Archive for January, 2009


Posted in Uncategorized on January 31, 2009 by Jaym Gates

I really hope allergy season isn’t hitting early. My eyes are so dry and scratchy. Actually I’m just generally under the weather.

I’ll be reevaluating the Friday posts, because I’m just not feelin’ the horror topics right now. More on that stuff later.

Although, speaking of horror, my dreams have definately been a little more gruesome recently. Yay. Gotta love a good night’s sleep.


Wise Wednesday: Details, Details!

Posted in Uncategorized on January 29, 2009 by Jaym Gates

Fiction writing, especially fantasy, is often considered to be the easiest field of writing. Raise your hand if you disagree. In fantasy, we don’t get to just build a plot in an existing world, we have to make the world too. And unless you’ve been there, done that, maybe you don’t realize how much DETAIL there is in building a world!

Look at your desk/table/writing space for a minute. How many individual things do you have sitting around you? I’ve got pens, notes, art pencils, an energy bar, headphones, tea, stacks of books, leaves, rocks, cds, tablets, nuts, a Bible, a grimoir I recently started to keep track of random magical ideas, altoids, earrings… Are you seeing the picture? These things give a picture of who I am.

Now, here’s a little exercise for you: write a 50-word scene of a girl sitting at her desk. Write it in your normal style, the normal level of detail. Now reread it out loud, and see how clear a picture you painted. Does she have a lamp? Books? Snacks? What kind of chair does she have, is she listening to music? What genre?

This is one desk, in a real world. You, as a fantasy author, have to figure out what else would be on that desk in your world. It’s actually a really useful exercise. What books does she have? Notebooks full of herbal remedies? Histories, mythologies, dog-breeding? Do they even have books? What sort of snacks would be on her desk, or is she not allowed to have snacks? What sort of paper exists? Have pencils been invented?

At first glance, this seems like overkill on the details. Really, we don’t need to know every little bit of the heroin’s life, right? Right. But consider this a snapshot, a chance to give the reader a little, quick glimpse of the world you are asking them to believe in. Maybe the girl is reading “Advanced Theories of Human-Sapien Psychological Comparisons”, and snacking on fresh fruits from her mother’s garden. Or perhaps she’s reading a fairytale to her son and feeding him bits of bread and cheese. All of these things are a little tie to a realistic world, things we might do ourselves (Ok, so maybe not reading “Advanced Theories”, but you get the idea!) or at least are similar enough to give us a comfort with the character.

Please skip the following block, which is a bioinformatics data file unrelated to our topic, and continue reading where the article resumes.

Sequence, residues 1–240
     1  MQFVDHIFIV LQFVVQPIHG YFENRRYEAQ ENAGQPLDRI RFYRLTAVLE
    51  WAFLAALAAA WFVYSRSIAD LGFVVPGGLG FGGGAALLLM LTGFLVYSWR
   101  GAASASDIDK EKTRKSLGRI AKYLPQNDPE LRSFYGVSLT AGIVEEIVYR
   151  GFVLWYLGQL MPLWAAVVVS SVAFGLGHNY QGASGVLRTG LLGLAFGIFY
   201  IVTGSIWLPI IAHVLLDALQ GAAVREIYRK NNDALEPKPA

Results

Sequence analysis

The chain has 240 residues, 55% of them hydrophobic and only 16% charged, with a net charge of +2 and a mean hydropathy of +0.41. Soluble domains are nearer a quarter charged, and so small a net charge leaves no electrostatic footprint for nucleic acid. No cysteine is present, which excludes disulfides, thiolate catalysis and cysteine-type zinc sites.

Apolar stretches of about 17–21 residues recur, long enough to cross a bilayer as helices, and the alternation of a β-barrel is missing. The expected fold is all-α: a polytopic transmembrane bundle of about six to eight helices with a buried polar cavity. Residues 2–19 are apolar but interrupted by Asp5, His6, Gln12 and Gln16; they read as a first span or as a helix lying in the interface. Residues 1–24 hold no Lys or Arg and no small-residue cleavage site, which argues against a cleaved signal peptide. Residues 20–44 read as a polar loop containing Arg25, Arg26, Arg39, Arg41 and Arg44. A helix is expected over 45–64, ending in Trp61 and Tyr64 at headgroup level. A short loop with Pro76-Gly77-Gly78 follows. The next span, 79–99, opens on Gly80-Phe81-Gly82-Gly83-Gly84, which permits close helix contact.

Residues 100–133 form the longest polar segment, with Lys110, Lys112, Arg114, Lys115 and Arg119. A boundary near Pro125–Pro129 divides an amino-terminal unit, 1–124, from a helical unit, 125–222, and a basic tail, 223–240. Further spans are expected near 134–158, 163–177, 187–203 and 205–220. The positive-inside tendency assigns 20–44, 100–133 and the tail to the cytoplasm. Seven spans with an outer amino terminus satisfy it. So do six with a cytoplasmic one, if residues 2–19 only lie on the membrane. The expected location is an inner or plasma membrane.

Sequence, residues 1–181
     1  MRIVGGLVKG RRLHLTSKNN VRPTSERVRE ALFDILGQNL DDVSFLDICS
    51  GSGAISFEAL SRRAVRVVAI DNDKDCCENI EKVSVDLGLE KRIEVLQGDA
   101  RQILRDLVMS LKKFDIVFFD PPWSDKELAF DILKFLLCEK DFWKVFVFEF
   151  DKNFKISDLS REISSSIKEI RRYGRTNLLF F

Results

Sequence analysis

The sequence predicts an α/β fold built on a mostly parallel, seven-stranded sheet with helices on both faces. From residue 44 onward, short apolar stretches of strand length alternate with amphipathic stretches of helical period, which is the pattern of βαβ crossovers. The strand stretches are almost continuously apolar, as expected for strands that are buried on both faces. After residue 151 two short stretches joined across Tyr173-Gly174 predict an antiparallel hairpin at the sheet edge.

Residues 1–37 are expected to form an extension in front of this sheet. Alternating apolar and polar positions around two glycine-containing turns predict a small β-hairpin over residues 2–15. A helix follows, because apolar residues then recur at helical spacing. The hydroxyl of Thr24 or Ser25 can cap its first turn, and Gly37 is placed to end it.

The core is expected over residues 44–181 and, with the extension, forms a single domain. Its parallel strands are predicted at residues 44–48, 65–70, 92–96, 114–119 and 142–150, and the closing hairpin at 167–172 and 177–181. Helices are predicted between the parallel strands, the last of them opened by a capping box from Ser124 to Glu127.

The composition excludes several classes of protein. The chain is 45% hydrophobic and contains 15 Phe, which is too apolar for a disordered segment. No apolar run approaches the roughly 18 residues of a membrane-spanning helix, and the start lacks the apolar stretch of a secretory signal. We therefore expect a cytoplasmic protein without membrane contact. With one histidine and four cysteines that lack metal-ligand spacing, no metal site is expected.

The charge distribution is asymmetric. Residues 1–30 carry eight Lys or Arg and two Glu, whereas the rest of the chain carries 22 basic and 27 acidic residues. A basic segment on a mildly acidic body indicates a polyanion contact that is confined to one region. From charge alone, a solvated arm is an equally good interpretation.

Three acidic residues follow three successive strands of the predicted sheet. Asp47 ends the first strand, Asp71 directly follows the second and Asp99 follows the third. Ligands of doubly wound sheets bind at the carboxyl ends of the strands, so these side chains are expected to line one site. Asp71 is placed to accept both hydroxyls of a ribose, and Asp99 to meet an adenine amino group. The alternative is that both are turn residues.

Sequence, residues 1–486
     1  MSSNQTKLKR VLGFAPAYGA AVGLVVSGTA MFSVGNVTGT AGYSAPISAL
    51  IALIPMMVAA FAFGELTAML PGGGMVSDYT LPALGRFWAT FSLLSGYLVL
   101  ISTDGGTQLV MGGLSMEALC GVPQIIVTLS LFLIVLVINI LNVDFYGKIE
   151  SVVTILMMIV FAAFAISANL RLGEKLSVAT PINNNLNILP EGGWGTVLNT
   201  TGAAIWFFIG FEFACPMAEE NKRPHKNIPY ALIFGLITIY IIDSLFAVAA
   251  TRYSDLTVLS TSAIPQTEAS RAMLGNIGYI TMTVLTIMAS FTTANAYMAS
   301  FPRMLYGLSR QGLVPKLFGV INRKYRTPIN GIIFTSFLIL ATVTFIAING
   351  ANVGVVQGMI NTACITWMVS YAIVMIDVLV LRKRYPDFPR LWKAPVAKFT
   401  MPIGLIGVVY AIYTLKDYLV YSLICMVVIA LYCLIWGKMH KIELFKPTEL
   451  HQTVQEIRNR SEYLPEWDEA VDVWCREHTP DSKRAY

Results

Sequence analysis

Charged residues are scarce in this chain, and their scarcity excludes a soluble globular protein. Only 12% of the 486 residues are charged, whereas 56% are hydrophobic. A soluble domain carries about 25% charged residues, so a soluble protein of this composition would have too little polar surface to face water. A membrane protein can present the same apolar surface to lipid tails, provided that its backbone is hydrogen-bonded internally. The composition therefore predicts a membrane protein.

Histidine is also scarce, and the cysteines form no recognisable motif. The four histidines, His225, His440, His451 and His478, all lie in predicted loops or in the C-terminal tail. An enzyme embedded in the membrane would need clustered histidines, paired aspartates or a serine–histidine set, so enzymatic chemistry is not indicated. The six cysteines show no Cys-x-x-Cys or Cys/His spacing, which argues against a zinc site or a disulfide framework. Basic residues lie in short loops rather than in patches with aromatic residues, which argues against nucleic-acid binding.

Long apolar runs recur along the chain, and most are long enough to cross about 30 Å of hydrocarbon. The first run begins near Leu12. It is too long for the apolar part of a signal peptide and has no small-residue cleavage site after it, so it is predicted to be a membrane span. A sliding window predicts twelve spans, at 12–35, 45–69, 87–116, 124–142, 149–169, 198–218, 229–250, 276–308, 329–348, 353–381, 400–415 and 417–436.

You don’t even have to put this in your story. Write it for yourself. Possessions, keepsakes and collections are valuable insight into the character and world, and may give you other ideas, or allow you to deepen your character. It also is a little more relatable than talking about “Advanced Theories of Human-Sapien Psychological Comparisons” and why that makes the world special.

Or at least to me it does. Whatever the case, details can make or break your story, your world, and this is a comfortable place to start and study.


Posted in Theories and Thoughts on January 28, 2009 by Jaym Gates

INHERENT will be composed of three separate ‘books’, each focusing on a different aspect, and two different characters. The plots are entwined of course, and will most likely end up in the same place, more or less, but the plot feels a little hop-scotch right now. Jumping around between the different characters is annoying.

Now, I can separate the books, write each one as a standalone, focusing only on those characters and foreshadowing the rest of the characters and events. That might actually be really fun, but is it too annoying to read? It would also add to the symbolism of the story, since there are 3 nations, three main groupings of characters, and there would be three sub-books.

Or, I could do as I’ve been doing, and cycle through characters by individual chapters. However, even I am forgetting things, which makes me think the other way might be better.

If you’ve got any feedback, let me hear it please!

The books are: ‘Kadaraita’, which focuses on death and transformation, as well as being the story of Amarog and Sviera. ‘Abadinur’, which focuses on love, duty and loyalty, and is the most political of the three, this is the story of Ja Corri and Kigen Jui. ‘Logrozana’ is the third, focusing on war, chaos and freedom. KADARAITA and LOGROZANA are the ones that I’ve started working on, ABADINUR is still a bit of a head-trip.

Theatrical Tuesday: Two for One!

Posted in Uncategorized on January 27, 2009 by Jaym Gates

Wow, I actually watched two movies this week. What a SHOCK!

The first one was a rewatch. I’ve seen “Horton Hears a Who”, but my mother hadn’t, so we watched that. It’s still funny, still well done and enjoyable to watch, even the second time. I’ve heard accusations that the movie derides conservative Christians, but I see no sign of it. Sure, there are elements that if you look really, really hard, they might be taken that way. But overall, the message is more one of tolerance, understanding, forgiveness and belief. In fact, funny, it’s more spiritual than anti-spiritual. Definate recommendation to watch.

The second one was “Appaloosa”, a movie I’d been wanting to see for a while. Mortenson’s work is usually up there in my favorites. Not this time. The movie was dry, boring and the ending was more of a vague wandering up into the stratosphere than a solid, punchy finale. To be honest, I can’t tell you much about the plot, because every time I looked up, it was another Western Movie cliche, and so I gave up and watched something more interesting on my computer. A definate recommendation to avoid, I was disappointed.